Book Review: “Every Good Endeavour: Connecting Your Work to God’s Work” by Timothy Keller with Katherine Leary Alsdorf
How did I get this book?
My friend Timothy Ehmann not only suggested that I read it, but sent me a copy in the mail through christianbook.com. He had read it recently and thoroughly enjoyed it as it helped him to think about his work in the medical field through a different and better lens.
Generally, I’ve benefitted from Timothy Keller’s ministry over the years. I find him deep and thought provoking and well researched. This is one area of ministry that I wanted to learn more about and so I was happy to receive the gift and read the book.
What’s it about?
This book opens up with a forward by Katherine of her story. It’s helpful in showing the dilemma of integrating faith and work. Tim’s voice picks it up from there describing the various approaches that have been taken within the last few decades by evangelicals to live out their faith at work. It’s a bit of scatter shot, there hasn’t been anything at the popular level to help Christians navigate the decisions and posture to take in what constitutes a major portion of life.
The book is organized into three parts. First, it’s “God’s Plan for Work” and we go back to the garden of Eden, before the fall and look at the role of work that was present there. There’s design, dignity, the activity of cultivating, and the reality of serving that are all part of work.
Second, he shows “Our Problems with Work.” Starting with how work is often fruitless, then pointless, selfish and ultimately exposes all of our idols. It’s a difficult thing to realize how true this all is. It’s necessary though, in order to see the beauty of the gospel in the work setting.
This is the theme of the final part of the book. “The Gospel and Work.” Here we read about a new story for work, a new conception of work, a new compass for work and a new power for work.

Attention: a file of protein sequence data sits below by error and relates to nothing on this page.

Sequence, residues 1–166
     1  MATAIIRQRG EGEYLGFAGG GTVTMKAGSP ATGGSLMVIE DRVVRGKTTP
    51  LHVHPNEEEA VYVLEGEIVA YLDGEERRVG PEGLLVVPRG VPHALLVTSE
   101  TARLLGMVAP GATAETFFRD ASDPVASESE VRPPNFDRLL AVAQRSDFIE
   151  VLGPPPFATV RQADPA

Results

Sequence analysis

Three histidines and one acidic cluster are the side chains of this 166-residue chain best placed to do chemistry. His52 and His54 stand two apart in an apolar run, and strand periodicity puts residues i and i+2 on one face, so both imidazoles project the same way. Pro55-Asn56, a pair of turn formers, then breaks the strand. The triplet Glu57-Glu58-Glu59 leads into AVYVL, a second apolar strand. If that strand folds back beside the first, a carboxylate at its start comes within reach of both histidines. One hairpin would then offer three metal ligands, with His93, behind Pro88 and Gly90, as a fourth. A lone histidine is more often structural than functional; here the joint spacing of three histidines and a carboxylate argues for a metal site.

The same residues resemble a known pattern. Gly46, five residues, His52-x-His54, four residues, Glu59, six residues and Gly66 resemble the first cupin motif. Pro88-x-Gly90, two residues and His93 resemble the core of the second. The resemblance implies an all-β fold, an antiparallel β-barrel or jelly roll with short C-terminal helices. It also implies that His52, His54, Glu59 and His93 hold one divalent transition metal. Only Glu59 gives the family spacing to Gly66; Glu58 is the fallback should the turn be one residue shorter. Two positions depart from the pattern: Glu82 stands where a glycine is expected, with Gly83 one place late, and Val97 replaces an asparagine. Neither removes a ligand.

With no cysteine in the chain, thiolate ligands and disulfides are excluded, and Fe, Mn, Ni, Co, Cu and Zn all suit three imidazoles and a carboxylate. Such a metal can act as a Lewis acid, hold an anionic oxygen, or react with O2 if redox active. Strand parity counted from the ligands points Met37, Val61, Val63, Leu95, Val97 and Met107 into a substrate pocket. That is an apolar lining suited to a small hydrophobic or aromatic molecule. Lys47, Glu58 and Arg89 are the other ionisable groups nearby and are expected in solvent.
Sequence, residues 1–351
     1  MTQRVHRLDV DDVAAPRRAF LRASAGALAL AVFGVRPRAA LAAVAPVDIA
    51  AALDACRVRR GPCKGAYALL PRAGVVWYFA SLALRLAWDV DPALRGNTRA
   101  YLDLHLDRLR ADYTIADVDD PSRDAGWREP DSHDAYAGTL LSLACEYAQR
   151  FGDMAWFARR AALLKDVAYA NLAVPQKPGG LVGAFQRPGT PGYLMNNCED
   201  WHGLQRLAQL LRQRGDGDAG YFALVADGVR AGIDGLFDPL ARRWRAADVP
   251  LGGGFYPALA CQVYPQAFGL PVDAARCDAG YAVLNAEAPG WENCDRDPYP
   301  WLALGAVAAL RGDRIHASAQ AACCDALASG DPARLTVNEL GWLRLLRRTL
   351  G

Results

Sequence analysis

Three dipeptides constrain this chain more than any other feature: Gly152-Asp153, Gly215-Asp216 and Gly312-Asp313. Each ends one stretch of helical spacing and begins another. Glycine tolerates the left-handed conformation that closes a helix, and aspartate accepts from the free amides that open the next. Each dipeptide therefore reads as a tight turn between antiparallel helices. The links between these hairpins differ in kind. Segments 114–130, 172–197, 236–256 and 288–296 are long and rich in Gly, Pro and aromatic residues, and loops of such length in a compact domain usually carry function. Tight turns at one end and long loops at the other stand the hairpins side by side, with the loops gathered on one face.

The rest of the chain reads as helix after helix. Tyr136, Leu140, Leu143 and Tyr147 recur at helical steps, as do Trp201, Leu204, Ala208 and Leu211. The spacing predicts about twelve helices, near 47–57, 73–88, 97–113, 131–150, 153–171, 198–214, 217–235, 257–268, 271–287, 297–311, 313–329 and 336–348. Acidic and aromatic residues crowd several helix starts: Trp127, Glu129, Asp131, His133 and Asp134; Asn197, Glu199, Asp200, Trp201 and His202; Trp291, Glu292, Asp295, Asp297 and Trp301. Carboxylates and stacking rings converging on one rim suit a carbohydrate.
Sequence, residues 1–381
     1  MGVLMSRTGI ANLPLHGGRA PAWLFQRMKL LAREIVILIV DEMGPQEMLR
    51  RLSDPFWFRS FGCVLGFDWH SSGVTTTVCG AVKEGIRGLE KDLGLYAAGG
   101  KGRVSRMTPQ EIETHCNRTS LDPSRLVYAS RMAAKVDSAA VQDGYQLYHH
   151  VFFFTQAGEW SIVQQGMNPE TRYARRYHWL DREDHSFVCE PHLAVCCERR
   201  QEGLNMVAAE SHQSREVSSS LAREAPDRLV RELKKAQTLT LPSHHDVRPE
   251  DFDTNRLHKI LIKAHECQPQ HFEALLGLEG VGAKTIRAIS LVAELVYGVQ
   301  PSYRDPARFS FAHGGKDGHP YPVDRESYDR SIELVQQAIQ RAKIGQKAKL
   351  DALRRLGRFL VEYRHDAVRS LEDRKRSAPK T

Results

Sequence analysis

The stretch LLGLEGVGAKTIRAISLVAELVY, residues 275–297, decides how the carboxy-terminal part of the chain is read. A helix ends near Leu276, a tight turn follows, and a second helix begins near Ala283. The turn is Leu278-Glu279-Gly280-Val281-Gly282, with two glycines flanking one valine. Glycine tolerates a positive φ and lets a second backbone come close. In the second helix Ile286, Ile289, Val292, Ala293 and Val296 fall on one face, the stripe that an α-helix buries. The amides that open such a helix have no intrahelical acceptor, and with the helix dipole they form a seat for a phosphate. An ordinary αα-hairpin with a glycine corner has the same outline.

Throughout all of these parts and chapters, he does a masterful job of piquing his reader’s interest in the opening paragraphs. He includes thoughtful quotes and insights from great thinkers, people that generally our culture respects. He also tells several stories of real people that he knows in interesting and difficult work situations and how they navigated it with whatever principle is being discussed.
He closes the book with an epilogue describing how their church, Redeemer Presbyterian in Manhattan has been seeking to equip believers by connecting them to each other and to great content so they are better able to integrate their faith and their work no matter their field.
What did I think?
Well, truthfully, as of writing this, I’m an unemployed pastor. It’s been a long time since I’ve been in the “workforce.” The benefit for me in reading this was thinking through how it impacted my friend Timothy, and also thinking about all the people that I’ve met over the years in the different vocations and careers they have had. This would have been a great resource.
I think every church library should have it. I think every pastor should read it. I think every Men’s Ministry leader should carefully consider it’s content. This is for both professionals and blue collar employees. It’s for entrepreneurs as well.
Just the one passage alone in Chapter 9: “A New Story for Work” (pages 164-184) should be contemplated. It’s a sketch of what the gospel could look like in the various fields of: business, journalism, higher education, the Arts, Medicine, and then “All Work.” It is both encouraging and challenging.
Timothy Keller isn’t Jesus. But, boy has he demonstrated Christ through his ministry, his writing, his demeanour, and his life. I’m personally grateful for him. This is a very helpful book in my opinion.
I’m always interested to hear your thoughts. Have you read this? What did you think? Would you like me to send you this copy?
Wait… I have a friend that I want to offer it to first…